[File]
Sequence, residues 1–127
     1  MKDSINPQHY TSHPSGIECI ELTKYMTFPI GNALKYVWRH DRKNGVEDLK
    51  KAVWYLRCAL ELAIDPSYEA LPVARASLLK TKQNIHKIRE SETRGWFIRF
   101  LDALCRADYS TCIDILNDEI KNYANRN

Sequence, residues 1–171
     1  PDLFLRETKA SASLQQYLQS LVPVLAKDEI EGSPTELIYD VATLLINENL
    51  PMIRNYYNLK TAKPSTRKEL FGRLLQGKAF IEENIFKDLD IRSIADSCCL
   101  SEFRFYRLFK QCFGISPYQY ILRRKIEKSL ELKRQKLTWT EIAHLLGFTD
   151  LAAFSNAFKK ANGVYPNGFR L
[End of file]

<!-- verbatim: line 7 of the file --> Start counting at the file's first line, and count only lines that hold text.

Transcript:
    51  PMIRNYYNLK TAKPSTRKEL FGRLLQGKAF IEENIFKDLD IRSIADSCCL